A: Yes, you mentioned you were sleeping when the storm carne. How could you sleep with thin violent storm raging around you? The ship tossing and all sorts of noise and confusion I would imagine?
J: Well I had stayed up quite late talking with some of the sailors and we had too much to eate, too much to drink.. You know how it is. In a situation like I was in you want to talk to somebody, get a little sympathy .
 
A: (A little embarrassed) Hmmmm. And you had told them you were running'; away from Yahweh.
J: More or less, yes. But when they woke me up they wanted to know more about that.So I explained that I was a Hebrew, and that I worshipped Yahweh, and that Yahweh was the God of heaven, who made the sea and the land.
 
A: And they threw you overboard.
J: Well not immediately.They were all really fine fellows. You see we all sort of know , instinctively, that the storm was a punishment or a warning.
 
A: A punishment. Of course there was a guilty party on board.
J: Yes. Their consciences were pretty clear, and they, had been praying a long time, and things hadn't gotten any better, so they figured maybe Yahweh could help.
 
A: And he did?
J: Well he did eventually. I prayed, but nothing happened. So then they decided that we'd all draw straws to see who was causing all the trouble. And guess who got the short one!
 
A: (smiling) Jonah, son of Ammitai.
J: Right.
 
A: And then they threw you overboard.
J: Well no, not yet. We talked.....And understand this is all going on with the mast snapping overhead, the deck creaking under your feet , and everybody soaking wet. The storm was getting worse and worse all the time. So I told them the way to calm the sea was to throw me into it.
 
A: You were ready to sacrifice your life for these strangers?
J: Well I knew the storm was my fault and if they got rid of me the sea would be calmed and they would be safe. If I had stayed on board we would have all been drowned.
 
A: And they agreed to do this, throw you into the sea
J: Well they didn't want to. They tried getting nearer the shore to get me off safe. But it was really getting bad so fully they all prayed to Yahweh, hoping they were doing that right thing, and then they threw me overboard.
 
A: And you couldn't swim.
J: I could swim. I could tread water. But I couldn't swim to the shore from the middle of the sea.
 
A: And did the storm cease, the sea become calm, once you were off the ship?
J: Yes. Immediately. Within a couple of minutes. Not a glassy calm, but fair and fine with a good wind for sailing.
 
A: The ship didn't try to rescue you after the storm was over
J: No. When the storm stopped so suddenly, that was proof to them of Yahweh's power. They waved to me as they sailed off. And I think they were praying for me too.
 
A: And perhaps their prayers were answered.Which brings us to the whale, and air you've already mentioned you'd probably rather not discuss that.
J: No I didn't say I won't discuss it.I like to discuss it air long as it is part of the whole story.
   
A: Well....
J: Let me put it very briefly and simply. Here I was in the middle of the sea, about to drown, and God sent help. He saved me.
 
A: The whale. He sent the whale to swallow you and cast you up safe on the shore after three days and three nights.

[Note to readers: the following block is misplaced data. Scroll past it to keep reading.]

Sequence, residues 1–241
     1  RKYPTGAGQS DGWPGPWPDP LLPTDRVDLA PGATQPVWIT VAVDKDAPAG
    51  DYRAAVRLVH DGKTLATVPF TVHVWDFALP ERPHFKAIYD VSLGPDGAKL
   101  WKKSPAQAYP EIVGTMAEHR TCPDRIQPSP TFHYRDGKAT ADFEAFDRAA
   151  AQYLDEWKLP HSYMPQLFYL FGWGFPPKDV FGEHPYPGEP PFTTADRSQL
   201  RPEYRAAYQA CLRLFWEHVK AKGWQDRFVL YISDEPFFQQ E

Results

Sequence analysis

J: Well it was some sort of sea-creature.Notice the Bible doesn't say "whale it says " a great fish". I think it might of been a whale because it's the biggest thing that swims in the sea. Remember that I was almost hysterical with fear. All I remember clearly is that I was in danger of dying and I prayed to God as hard as I could and ended up safe on the beach. That's the point. I was in terrible danger , by my own fault, but Yahweh loved me and forgave me and took care of me and saved me.
 
A: The whale, or the fish, really did swallow you though?
J: Oh yes.
 
A: And you were inside the whale for three days and three nights.
J: Well that's a figure of speech. We say " three days and three nights" like you say " night and day". It means a long time.I don't know how long it actually was. I'll tell you this though: It seemed easily three days and nights to me!
 
A: And when you were safe on land again you were not too far from Ninivah. Is that correct?
J: Yes. About a day's trip. And once again God spoke to me.
 
A: What did he say this time?
J: Same thing: "Go to Ninivah and preach to them as I told you.
 
A: The same message. The same command from God. And yet this time you carried it out instead of running away. Why was that?
   
J: Well I always knew I had to, really. This time I had a clearer sense of how serious he was about it. And I had seen how much he loved me and what he could do... and really would do .... to take care of me. So I figured just trust him and do what he says.
 
A: And so you went to Ninevah and preached God's message to the people there. Could you tell us about that.
J: I got to Ninevah and just walked through the *W gates and started to preach the message. As I said, it was a very large city so there were plenty of places where I could gather a crowd.
 
A: You said earlier that you were afraid of making a fool of yourself.
J: Yes. I didn't want to be laughed at or get into any sort of trouble with the police.
 
A: And did you?
J: What? Get into trouble. No. No they were very receptive. As you know the whole city repented. You see I started preaching on street corners and in parks.... places like that. And to a very short time I was contacted by some officials from the king.